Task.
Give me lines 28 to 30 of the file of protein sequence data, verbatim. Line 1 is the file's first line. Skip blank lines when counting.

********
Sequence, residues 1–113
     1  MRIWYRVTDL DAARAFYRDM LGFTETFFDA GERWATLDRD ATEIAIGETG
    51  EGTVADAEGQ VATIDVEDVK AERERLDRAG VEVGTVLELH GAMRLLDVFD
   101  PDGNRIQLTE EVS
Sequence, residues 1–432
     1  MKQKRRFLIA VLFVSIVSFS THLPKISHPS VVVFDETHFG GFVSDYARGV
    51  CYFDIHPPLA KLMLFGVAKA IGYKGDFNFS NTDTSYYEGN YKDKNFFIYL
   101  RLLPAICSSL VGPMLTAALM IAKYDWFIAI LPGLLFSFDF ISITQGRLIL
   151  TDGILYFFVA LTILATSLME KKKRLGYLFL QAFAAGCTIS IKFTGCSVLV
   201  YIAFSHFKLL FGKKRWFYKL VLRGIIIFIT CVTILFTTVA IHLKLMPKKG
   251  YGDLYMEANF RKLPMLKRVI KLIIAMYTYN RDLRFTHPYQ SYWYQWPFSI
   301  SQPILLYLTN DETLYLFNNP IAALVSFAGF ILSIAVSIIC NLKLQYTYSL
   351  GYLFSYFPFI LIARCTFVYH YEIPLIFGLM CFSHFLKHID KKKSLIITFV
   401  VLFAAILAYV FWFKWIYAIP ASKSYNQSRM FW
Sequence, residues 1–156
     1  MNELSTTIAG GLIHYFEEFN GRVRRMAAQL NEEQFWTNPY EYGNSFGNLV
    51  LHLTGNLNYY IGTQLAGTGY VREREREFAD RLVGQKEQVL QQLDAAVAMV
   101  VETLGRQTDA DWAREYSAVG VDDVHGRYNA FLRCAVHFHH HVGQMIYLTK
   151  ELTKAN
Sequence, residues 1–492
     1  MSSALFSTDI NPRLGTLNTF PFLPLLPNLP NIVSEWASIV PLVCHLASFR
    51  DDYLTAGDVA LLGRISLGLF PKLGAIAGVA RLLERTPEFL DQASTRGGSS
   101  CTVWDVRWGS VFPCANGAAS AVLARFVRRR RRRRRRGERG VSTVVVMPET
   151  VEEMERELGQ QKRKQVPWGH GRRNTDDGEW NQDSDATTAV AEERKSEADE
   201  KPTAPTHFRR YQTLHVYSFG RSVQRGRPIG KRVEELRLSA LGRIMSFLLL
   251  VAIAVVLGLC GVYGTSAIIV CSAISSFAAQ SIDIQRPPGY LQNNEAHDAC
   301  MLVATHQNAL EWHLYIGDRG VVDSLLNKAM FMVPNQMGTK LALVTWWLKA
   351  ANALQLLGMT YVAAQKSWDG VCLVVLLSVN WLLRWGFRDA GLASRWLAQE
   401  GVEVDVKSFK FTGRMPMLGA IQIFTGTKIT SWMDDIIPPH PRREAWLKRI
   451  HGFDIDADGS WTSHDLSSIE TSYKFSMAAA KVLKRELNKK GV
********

   351  ANALQLLGMT YVAAQKSWDG VCLVVLLSVN WLLRWGFRDA GLASRWLAQE
   401  GVEVDVKSFK FTGRMPMLGA IQIFTGTKIT SWMDDIIPPH PRREAWLKRI
   451  HGFDIDADGS WTSHDLSSIE TSYKFSMAAA KVLKRELNKK GV